Cook County Record

Saturday, April 4, 2020

Two-year-old law change intended to benefit non-violent poor offenders used by Smollett to seal case


By Jonathan Bilyk | Mar 28, 2019

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Editor's note: This article, which was originally published on March 28, 2019, was revised on April 1, 2019, to clarify the opinions of professor and attorney Richard Kling, of Chicago Kent College of Law, regarding the options available to judges in ruling on an immediate request to seal a case file.

A little heralded change to Illinois law two years ago – one intended by supporters to benefit poor people charged with petty offenses - has allowed actor Jussie Smollett and the Cook County State’s Attorney’s Office to keep the details of the case leading to his dismissal under wraps, so far.

On March 26, Cook County prosecutors shocked many when they used a hastily arranged, unpublicized emergency hearing to abruptly abandon the prosecution of Smollett, who faced 16 counts over allegations he faked a hate crime.

Cook County State's Attorney Kim Foxx

Immediately after the charges were dismissed, Cook County Circuit Judge Steven Watkins granted the request from Smollett’s attorneys to seal the case file, shielding it from public view.

Almost immediately, the Cook County courts clerk’s office scrubbed any reference to Smollett from its publicly accessible database.

In the days following, Cook County State’s Attorney Kim Foxx has said the seal order was granted inadvertently. Nonetheless, as of Thursday, Smollett’s case file remained inaccessible.

Further, the Chicago Police Department said the allegedly inadvertent seal order extended to the police’s records from the investigation of the hoax, as well.

The continued presence of the seal order and confusion over its status has only deepened criticism of Foxx’s office handling of the Smollett matter, which already was muddled by confusion over whether Foxx had ever recused herself from handling the case.

Earlier, Foxx had used the word “recuse” when discussing her involvement with the case. After she made that announcement, reports surfaced that she had been communicating with Tina Tchen, the former chief of staff for First Lady Michelle Obama, who had lobbied her on behalf of Smollett to persuade the Chicago Police to transfer the case to the FBI.

 However, in the hours following the surprise decision to drop the charges against Smollett, the Cook County State’s Attorney’s Office said Foxx had not fully recused herself from the case, but had only used the term in the “colloquial” sense.

If Foxx had formally recused herself, the law could indicate she would have been required to request the appointment of a special prosecutor to handle the rest of the case, meaning no one in her office could have handled the case.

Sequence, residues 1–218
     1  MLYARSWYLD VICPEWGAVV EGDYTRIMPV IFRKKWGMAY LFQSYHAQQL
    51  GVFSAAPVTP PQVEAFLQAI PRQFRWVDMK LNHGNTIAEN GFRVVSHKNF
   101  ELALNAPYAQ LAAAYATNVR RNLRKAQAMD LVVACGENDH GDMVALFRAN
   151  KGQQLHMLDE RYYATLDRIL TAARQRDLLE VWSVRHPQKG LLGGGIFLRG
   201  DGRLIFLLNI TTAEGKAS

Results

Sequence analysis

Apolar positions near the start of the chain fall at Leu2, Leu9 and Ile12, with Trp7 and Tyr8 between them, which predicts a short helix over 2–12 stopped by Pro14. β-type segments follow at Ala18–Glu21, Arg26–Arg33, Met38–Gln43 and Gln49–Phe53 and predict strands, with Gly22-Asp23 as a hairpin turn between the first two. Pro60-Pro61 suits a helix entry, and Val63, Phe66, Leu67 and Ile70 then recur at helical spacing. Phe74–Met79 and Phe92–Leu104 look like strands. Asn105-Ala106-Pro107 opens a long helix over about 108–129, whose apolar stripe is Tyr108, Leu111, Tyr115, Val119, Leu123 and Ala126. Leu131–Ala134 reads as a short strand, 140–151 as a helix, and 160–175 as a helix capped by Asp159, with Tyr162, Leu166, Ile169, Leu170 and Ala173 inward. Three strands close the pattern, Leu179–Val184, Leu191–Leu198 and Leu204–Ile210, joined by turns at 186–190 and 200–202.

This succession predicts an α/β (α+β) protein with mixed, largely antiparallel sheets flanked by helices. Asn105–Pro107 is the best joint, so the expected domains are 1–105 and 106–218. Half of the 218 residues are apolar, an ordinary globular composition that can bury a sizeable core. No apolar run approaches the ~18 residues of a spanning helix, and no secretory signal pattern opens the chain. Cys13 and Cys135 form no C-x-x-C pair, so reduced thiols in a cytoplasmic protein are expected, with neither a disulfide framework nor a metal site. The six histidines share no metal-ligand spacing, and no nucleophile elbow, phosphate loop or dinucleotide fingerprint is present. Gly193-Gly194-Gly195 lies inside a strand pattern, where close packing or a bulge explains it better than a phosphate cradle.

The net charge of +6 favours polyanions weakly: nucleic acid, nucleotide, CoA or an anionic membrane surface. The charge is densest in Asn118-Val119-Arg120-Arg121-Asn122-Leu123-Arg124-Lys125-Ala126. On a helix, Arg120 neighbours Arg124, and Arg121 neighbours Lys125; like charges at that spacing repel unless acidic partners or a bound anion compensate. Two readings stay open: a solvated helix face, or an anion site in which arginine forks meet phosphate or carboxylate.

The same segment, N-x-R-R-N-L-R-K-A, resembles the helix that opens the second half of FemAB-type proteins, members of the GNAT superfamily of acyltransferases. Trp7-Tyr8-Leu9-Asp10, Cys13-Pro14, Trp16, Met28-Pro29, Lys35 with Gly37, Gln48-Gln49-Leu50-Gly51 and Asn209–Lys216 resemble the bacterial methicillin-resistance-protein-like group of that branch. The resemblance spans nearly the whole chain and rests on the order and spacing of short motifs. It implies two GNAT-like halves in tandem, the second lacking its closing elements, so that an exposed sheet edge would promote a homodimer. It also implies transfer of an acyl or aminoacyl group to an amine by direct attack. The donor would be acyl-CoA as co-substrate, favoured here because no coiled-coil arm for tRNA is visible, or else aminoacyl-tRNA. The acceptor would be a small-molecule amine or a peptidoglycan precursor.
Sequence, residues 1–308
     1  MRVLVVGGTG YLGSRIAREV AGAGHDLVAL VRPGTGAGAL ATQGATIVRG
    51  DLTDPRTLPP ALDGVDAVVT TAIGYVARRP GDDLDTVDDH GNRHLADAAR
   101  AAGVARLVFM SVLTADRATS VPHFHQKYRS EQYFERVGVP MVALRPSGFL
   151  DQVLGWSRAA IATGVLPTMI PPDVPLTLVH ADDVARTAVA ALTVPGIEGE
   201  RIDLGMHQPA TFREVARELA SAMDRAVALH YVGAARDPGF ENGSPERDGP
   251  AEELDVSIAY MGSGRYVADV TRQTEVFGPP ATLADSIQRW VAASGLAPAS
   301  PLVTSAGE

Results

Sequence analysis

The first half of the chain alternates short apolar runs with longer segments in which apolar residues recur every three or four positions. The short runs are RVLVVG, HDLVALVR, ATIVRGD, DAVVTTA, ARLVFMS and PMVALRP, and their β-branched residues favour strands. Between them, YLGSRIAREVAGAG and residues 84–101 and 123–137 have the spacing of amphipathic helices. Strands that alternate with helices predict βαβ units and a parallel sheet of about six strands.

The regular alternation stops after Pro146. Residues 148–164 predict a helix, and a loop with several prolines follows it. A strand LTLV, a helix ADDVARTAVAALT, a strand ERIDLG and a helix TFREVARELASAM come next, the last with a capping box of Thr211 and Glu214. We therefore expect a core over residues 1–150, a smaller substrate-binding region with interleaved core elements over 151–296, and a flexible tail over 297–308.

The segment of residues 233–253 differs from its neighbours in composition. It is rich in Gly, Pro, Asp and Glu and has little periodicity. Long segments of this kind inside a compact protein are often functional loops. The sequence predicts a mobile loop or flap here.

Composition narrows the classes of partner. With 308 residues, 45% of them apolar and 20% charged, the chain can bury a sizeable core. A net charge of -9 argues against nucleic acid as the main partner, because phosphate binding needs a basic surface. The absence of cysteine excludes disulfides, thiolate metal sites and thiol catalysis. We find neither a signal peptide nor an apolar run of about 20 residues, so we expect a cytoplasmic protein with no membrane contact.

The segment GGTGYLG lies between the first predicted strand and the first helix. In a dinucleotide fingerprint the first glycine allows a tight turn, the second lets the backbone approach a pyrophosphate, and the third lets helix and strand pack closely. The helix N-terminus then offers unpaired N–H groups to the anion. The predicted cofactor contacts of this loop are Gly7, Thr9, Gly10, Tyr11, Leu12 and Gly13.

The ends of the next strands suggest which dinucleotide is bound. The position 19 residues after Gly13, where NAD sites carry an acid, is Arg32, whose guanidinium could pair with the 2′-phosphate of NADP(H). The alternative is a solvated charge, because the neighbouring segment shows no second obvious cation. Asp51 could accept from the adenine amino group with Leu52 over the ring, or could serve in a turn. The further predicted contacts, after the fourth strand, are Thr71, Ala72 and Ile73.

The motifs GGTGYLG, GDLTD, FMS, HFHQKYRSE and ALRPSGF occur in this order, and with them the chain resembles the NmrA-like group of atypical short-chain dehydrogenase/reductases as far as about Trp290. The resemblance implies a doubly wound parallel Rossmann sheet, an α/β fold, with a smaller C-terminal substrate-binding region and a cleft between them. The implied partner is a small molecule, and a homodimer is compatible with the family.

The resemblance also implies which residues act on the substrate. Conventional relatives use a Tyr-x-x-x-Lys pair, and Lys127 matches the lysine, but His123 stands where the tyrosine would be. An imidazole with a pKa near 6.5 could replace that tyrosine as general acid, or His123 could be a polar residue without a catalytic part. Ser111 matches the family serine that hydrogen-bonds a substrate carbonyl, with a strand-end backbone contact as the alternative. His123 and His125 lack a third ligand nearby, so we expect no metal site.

While it remains to be seen if anyone will review that aspect of the case, the order sealing Smollett’s case file has come under criticism, particularly from critics alleging a secret deal and coverup to benefit Smollett.

Regardless of the actual status of the seal order, Foxx’s deputies may have left Judge Watkins with little choice on the matter.

Richard Kling, a criminal defense lawyer and professor at the Chicago Kent College of Law with decades of experience in Chicago’s criminal courts and legal classrooms, noted in 2017, state lawmakers changed the law on sealing such criminal records.

Previously, persuading a judge to seal such records was a lengthy process, requiring multiple motions, notifications to police and prosecutors and as many as four court appearances, Kling said.

Two years ago, however, the state law was transformed, allowing anyone against whom criminal charges have been dismissed, particularly those who complete an alternative sentence or who were subject to so-called deferred prosecution, to immediately petition the court to seal the records.

Kling said the measure was intended to help non-violent petty offenders avoid a criminal record, which could endanger their attempts to find employment and move on with their lives.

Kling said it was particularly intended to benefit tens of thousands of poor Illinois residents and others who may struggle to find the time and resources to complete the record sealing process.

In the Smollett case, however, the accused’s socioeconomic status was just the opposite.

“A case like that of Jussie Smollett doesn’t come along very often,” Kling said. “It is generally for petty-ish offenses.”

After Foxx’s deputies failed to object to the record sealing request, the judge may have been bound to grant the petition, as the law indicates the judge should rule on the sealing petition request at the same hearing at which it is presented. However, Kling said the judge could also have opted to continue the hearing to a later date or even still denied the petition, leaving Smollett's team to seek a court order compelling Judge Watkins to seal the case or have the questions sorted out on appeal.

The process in criminal courts is markedly different from the process by which civil cases are sealed. In civil litigation, the party seeking to seal the file must present a petition, and the other side file a response, before arguing the motion before a judge in a properly noticed court hearing.

Kling noted the sealing process is not necessarily final.

He said under the law, any of the parties involved in the prosecution of a criminal complaint, including the police, can petition the court to unseal the file.

To this point, it is not known if anyone has done so.

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Organizations in this Story

Chicago - Kent College of LawChicago Police DepartmentCook County State's Attorney's OfficeCircuit Court of Cook County